“Monkey Business: The Adventures of Curious George’s Creators”

Monday, Oct. 23, 7:30 p.m.; 2017, United States; English, 84 minutes; Director: Ema Ryan Yamazaki

A monkey, a man with a yellow hat, immigrants and the American Dream enliven this film honoring the legacy of Hans (“H. A.”) and Margret Rey, authors and creators of Curious George. From fleeing Nazi-occupied France on handmade bicycles to encounters with exotic animals in Brazil, the Reys actually lived the adventures reflected in one of the most treasured children’s book series (which has sold over 75 million copies in more than 20 languages over the past 75 years). Weaving archival footage with interviews of friends, experts, and the Reys – along with charming, newly created animated sequences – this film is a tribute to the incredible couple, in a style inspired by the world of Curious George.

“1945”

Tuesday, Oct. 24, 7:30 p.m.; 2016, Hungary; Hungarian with subtitles, 91 minutes; Director: Ferenc Török

On a sweltering August day in 1945, Hungarian villagers prepare for the wedding of the town clerk’s son. Two Orthodox Jews arrive at the train station with mysterious boxes labeled “fragrances.” The town clerk fears these men may be heirs to the village’s deported Jews and panics they will demand back property illegally acquired during World War II. Other villagers are afraid that more survivors will come, posing a threat to the property and possessions claimed illegitimately as their own. In this astonishingly haunting film, deep undercurrents of guilt and resentment run beneath the simple surface of a quaint village that is ultimately forced to face up to its ill-gotten gains.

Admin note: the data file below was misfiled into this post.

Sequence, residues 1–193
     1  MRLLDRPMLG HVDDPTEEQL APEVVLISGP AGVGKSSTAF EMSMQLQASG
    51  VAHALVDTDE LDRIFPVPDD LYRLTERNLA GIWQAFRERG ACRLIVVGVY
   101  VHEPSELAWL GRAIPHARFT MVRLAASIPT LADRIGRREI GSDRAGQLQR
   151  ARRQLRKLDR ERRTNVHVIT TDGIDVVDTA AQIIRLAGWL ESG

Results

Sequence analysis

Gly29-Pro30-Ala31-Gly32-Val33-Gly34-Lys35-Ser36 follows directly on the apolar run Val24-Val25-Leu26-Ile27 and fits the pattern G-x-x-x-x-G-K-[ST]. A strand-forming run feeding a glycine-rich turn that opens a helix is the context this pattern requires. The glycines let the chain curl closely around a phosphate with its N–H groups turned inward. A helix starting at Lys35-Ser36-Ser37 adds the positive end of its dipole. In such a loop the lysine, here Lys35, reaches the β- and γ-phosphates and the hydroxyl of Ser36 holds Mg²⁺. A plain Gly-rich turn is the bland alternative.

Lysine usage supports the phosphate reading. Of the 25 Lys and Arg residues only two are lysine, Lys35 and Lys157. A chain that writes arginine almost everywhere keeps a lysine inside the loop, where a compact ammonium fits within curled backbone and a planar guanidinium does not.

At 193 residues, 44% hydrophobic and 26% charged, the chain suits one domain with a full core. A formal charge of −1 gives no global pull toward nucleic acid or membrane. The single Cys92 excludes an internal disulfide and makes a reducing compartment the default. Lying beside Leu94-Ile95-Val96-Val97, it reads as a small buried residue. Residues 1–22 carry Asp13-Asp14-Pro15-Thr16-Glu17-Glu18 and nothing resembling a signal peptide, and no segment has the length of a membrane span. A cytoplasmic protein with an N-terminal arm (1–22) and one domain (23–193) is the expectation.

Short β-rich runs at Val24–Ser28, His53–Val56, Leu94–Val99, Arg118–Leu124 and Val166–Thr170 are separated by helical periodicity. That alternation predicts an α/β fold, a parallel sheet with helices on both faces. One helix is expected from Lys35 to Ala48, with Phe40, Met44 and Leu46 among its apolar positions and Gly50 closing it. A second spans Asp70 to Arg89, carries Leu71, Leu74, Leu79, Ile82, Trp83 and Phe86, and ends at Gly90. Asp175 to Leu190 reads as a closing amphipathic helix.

In cooperation with the Nathan & Esther Pelz Holocaust Education & Resource Center of the Milwaukee Jewish Federation.

“The 90 Minute War”

Wednesday, Oct. 25, 1:30 p.m.; 2016, Germany, Israel, Portugal; Arabic, English. Hebrew, Portuguese with subtitles, 84 minutes; Director: Eyal Halfon

In the bold satire “The 90 Minute War,” both sides in the Israeli-Palestinian conflict decide (after decades of strife and failed peace talks) to settle their differences with a winner-take-all soccer match!  With renewed hostilities looming, leaders of Israel and the Palestinian Authority agree to end the intractable crisis once and for all.  A single game will determine who will remain in the Holy Land and who will go. The stakes couldn’t be higher for the chairman of the Israeli Football Association and his Palestinian counterpart. Every detail of the game becomes a potentially deal-breaking negotiation, from the choice of venue to the selection of a referee. As the fateful match draws closer, both leaders struggle with ambivalence about their place on the world stage, yet pursue every advantage to ensure victory. (In actuality, both Moshe Ivgy and Norman Issa won Best Actor prizes at the Haifa International Film Festival for their performances in this film!)  Tackling a serious subject as a politically incorrect mockumentary, “The 90 Minute War” reveals the occasionally absurd differences dividing the Middle East.